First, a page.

Well, aside from being seemingly oblivious to the fact that much of the professoriate is permanently freaked out (postmodern thought is the belief that any and all signs of the normal betray violence towards the Other and, since the normal, or myths defending it, will inevitably always come to the fore, it/they must be forever opposed in an institutionalized, never-ending, freak out) you've got to get a chuckle over the latest ad from the Young Tories.
But as I say, many academics can't take a politically-incorrect (if any) joke, especially not one that cuts close to the truth: they consider it their sacred duty to be permanently freaked out, reading every myth of the normal as a demonization of some victim, a process of victimization put beyond doubt for all time by the unmistakable model of the unquestionable vicimization, the Nazi and the Jew. Nothing the Jews ever did could justify their massacre.... (But the professoriate, that has been preaching one conspiratorial/Gnostic view of history after another for several generations now?) A good prof. can't miss up a chance to feed on this theme, least of all when he doesn't simply get to play the role of the victim advocate but can be, oh it's so glorious, the victim himself:
A 2004 study by Stanley Rothman of Smith College in Northampton, Mass., found that academics are five times more likely to identify as liberals than as conservatives. The study polled over 1,600 undergraduate faculty members from 183 schools.Oh the poor man, the next thing we'll be asking him to do is to think through his very dependence on the theme of "demonization" and victimization and to question whether continually invoking the mad mob that wants to turn Stephen Harper into the neocon fuhrer (or is it Bush's Goebbels?) in the name of the normal, oil, and the American lie of freedom, is actually not an intellectually or professionally respectable way to make a constructive contribution to the debate on maintaining a free society. The victimary elites fear, most of all, being pressured to seriously study the conservative truth claim: that the academic victim mongers are parasitic on a free society and are working to erode our capacity to renew our freedom, as they use emotional blackmail (see above) and demand appeasement from defenders of the sacred bases of freedom, all in the name of the victim, a figure they put beyond debate whatever minor nods they make to entertaining various points of view.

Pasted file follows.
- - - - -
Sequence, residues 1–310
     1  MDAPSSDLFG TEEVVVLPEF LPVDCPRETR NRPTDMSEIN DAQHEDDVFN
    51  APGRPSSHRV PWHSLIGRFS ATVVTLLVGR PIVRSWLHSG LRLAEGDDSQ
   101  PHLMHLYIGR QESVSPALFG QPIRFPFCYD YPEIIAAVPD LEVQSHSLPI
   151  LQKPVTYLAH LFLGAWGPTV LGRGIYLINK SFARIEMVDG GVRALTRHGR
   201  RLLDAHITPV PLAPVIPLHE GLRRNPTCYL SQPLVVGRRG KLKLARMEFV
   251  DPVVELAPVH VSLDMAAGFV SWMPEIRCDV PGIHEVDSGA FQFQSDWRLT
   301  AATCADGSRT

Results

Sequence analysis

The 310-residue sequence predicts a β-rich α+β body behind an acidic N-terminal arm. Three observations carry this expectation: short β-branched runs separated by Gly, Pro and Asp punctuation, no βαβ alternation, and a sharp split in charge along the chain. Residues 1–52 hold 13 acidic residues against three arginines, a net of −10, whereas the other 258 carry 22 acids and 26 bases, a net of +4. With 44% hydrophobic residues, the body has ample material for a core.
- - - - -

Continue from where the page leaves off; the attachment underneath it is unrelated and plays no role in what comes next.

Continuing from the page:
But academic administrators say most professors encourage a diversity of viewpoints.
Bruce Feldthusen, vice-president of university relations at the University of Ottawa, said he hasn't seen any evidence of political bias among faculty members. He called the Conservative ad campaign an attempt to "demonize" academia.
"This demonizing of institutions is all too common in American politics, and not very helpful here. We've seen the demonizing of the courts here in the last few years. Are we going to do the universities next?"
But the good news is:
Once considered redoubts for political pariahs, Conservative campus clubs are enjoying a resurgence at Canadian universities and colleges, emboldened by a cheeky ad campaign that encourages students to "freak out their profs" and join the federal party.
Campus-club presidents say membership has increased since Prime Minister Stephen Harper took office nearly two years ago. The Conservatives' ascent to power in Ottawa, they say, has had a multiplier effect on campus, enabling clubs to attract centre-leaning students.
The surge is evident at Queen's University in Kingston, Ont. Despite the university's strong Tory roots, membership in the campus club sank to the low double digits at the start of the decade, when the country's two main conservative parties were still divided.
But more than 200 members now subscribe to the club's e-mail list, said Alex Bednar, president of the Queen's Campus Conservatives.
"People are now seeing us as a more viable option. The more politically ambitious kids are joining, because they see what's happening in Ottawa," said Bednar, a 21-year-old history major.